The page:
This article is part of a series featuring Black entrepreneurs whose companies focus on helping Black business owners.
Cindy McGhee, 43, learned the tremendous power of tax planning while working as a staff accountant, fresh out of college, at Ernst & Young in Memphis. Seeing how businesses were using tax law to legally save themselves significant amounts of money, she began to imagine a firm that offered the same options to underrepresented entrepreneurs. With $16,000 of her savings, McGhee launched the CPA firm NextGen in Tulsa in 2017. An all-female company in a male-dominated industry, NextGen has expanded rapidly: It hit $1.5 million in revenue in 2021, and grew its client roster to 1,100 that year from 86 in 2018. McGhee sat down with Inc. to share her business journey and her advice for companies seeking to reduce their tax burden.
What do business owners need to know about their financial performance that they often aren't aware of?
We found a problem in the industry: The accounting reports that are typically produced for a business owner don't make sense to the business owner. While the existing format produces accurate and complete information with a historical review, it doesn't extract meaningful data. It doesn't talk about how the business performs in the industry compared with its competitors. So we can't use an analytical tool without the option for it to be customized by what's meaningful to that business. And that's where we come in to help support them. Right now we lean heavily into what we call "benchmarking analysis," where we compare our clients to similar-size organizations in their industry.
What are some misunderstandings business owners have about tax planning?
First, I think tax planning as a concept is something that people have deemed optional. That's an oversight and a mistake for business owners. Tax planning is a necessity. If you're not strategically minimizing your tax burden, you're paying too much. In fact, statistics show that 93 percent of business owners overpay in taxes. That means you're not able to reinvest in your business or reward yourself as the leader of the business, because you're giving money to the IRS that you really shouldn't be.
Second, I think many times business owners don't realize the authority that they have when it comes to taxes. If you sit back and just let the IRS have its way, you're gonna pay a lot in taxes, but if you step into a position of power and recognize tax planning, you will benefit from it a lot.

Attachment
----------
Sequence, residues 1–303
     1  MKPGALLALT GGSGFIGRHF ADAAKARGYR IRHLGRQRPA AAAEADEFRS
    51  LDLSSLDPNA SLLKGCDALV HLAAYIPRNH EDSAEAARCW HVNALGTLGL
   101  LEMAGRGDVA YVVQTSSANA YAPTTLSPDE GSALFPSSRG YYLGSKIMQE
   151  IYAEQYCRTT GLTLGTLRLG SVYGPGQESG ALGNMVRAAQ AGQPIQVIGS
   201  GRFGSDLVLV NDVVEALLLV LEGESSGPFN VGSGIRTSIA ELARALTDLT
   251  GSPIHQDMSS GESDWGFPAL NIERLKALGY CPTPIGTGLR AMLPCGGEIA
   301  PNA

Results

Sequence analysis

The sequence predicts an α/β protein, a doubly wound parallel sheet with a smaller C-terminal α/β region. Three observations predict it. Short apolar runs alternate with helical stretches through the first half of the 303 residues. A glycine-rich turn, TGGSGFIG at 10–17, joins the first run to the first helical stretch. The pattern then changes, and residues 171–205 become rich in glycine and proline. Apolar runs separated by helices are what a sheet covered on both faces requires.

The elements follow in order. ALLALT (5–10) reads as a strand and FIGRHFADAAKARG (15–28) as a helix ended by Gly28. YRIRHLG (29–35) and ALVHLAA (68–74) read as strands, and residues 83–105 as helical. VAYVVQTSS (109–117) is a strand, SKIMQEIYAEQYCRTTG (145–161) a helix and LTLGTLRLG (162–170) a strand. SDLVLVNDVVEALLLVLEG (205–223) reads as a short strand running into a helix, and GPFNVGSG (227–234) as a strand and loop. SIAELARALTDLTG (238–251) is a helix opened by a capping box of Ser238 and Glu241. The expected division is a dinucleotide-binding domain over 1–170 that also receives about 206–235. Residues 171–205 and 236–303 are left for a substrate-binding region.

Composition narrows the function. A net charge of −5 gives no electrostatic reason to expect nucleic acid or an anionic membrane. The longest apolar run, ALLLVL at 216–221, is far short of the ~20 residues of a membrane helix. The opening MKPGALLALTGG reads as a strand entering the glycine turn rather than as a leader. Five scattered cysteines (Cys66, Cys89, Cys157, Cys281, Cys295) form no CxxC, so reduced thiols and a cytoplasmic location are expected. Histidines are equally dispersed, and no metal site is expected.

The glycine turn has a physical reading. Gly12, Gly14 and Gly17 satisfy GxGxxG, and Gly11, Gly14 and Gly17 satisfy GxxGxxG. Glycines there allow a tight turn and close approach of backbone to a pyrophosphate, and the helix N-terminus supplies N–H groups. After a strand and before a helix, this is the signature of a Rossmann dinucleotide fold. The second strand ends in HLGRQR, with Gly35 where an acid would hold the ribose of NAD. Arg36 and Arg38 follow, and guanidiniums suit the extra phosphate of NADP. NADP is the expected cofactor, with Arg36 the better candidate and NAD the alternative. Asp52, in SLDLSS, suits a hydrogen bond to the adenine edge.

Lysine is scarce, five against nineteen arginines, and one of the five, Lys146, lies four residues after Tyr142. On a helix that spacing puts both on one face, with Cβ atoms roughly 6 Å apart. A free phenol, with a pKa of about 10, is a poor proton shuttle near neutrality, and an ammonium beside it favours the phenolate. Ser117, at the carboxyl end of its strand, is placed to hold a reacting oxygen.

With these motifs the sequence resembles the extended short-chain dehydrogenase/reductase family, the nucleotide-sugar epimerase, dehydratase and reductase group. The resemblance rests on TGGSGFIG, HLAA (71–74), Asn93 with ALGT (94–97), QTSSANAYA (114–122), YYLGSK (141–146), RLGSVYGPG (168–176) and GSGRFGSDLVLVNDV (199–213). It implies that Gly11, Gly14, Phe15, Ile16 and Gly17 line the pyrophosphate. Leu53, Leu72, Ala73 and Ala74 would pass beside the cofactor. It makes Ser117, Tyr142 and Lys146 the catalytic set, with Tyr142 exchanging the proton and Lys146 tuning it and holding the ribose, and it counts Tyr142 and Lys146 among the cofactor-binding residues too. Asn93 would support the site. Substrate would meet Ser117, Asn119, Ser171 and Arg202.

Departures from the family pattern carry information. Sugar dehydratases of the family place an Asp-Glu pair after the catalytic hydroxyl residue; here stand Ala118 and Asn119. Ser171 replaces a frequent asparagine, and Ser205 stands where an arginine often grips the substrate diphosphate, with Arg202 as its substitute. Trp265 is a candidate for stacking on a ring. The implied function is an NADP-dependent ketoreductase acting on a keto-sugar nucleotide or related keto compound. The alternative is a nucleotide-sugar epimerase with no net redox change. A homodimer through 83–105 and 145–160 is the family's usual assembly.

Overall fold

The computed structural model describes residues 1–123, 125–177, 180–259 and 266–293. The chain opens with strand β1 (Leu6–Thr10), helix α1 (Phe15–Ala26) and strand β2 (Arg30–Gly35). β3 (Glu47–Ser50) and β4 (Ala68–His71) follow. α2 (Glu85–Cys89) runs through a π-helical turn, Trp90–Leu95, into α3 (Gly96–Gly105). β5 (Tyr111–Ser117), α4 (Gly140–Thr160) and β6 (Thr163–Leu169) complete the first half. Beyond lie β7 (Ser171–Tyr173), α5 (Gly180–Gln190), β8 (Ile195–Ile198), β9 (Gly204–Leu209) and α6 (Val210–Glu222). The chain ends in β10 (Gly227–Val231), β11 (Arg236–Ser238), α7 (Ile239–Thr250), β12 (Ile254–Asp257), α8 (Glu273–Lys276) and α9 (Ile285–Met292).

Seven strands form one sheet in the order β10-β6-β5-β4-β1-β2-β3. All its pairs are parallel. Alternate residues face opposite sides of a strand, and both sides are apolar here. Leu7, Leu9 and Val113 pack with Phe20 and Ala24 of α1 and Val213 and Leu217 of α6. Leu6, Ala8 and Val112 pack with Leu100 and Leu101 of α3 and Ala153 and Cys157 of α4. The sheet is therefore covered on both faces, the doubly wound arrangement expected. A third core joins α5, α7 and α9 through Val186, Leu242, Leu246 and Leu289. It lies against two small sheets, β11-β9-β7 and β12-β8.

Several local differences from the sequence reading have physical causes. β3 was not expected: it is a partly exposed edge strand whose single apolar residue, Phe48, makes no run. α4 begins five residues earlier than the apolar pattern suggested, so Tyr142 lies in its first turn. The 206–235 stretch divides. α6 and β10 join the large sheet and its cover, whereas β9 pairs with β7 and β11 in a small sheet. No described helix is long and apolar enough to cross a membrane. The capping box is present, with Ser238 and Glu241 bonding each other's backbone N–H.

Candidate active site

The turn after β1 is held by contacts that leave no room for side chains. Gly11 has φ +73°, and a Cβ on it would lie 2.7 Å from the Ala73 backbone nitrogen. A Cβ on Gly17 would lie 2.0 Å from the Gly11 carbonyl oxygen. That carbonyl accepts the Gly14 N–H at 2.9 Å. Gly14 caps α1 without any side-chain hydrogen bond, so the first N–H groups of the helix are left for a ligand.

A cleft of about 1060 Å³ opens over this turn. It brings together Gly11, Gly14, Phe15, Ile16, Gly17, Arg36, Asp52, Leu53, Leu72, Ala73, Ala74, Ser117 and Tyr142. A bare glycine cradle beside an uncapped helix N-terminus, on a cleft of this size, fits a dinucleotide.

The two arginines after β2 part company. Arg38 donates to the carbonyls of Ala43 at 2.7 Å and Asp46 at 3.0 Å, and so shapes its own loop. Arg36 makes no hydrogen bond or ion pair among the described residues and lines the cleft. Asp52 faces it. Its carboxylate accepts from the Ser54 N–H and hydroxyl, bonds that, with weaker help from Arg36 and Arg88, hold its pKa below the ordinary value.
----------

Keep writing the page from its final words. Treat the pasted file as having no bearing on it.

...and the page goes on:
What are some simple things that small-business owners can do to reduce how much they pay in taxes?
Usually business owners don't realize that there is a difference between the legal entity classification and the taxable classification. Those two are completely separate. Most small-business owners choose limited liability company (LLC) as their legal classification, but the Subchapter S corporation tax status--a special tax status granted by the IRS that lets corporations pass their corporate income, credits, and deductions through to their shareholders--is the most tax-advantaged classification for small businesses. So a great step is to file IRS form 2553 to have your LLC taxed as an S corporation. The form is easy to fill out and grants you access to many of the tax benefits large organizations have utilized for decades.
Aside from changing your company's tax classification, what else can you do?
Apply for the Augusta Rule. It allows homeowners to rent their home for up to 14 days per year without needing to report that rental income on their individual tax return. This rule applies to any taxpayer who owns a home in the United States as long as your home is not your primary place of business. In short, this means you can rent your home to your business for business meetings, business dinners, or any business activity. The rental fee is paid by your business to you as the homeowner. That fee represents a valid deduction to the business, but is not considered income to you personally when you stay under the 14-day limit. So if a nice meeting room costs $1,000 a day, the Augusta Rule allows your business to pay you personally $14,000--$1,000 times 14 days--as tax-free income and creates a $14,000 tax deduction for your business.
How does NextGen help minority founders?
I don't say "minority founders." I like to call them "underestimated founders," because we really aim to help support them to turn into the majority of founders. It's part of our vision to create and educate the next generation of ultra-successful entrepreneurs. Underestimated founders are often overlooked. Even when they are working with a CPA firm, they often have a trust gap, because they don't feel like they have shared experience. We bring this fresh perspective, this feminine energy, and this attention to the small guys who will someday become big guys with our help.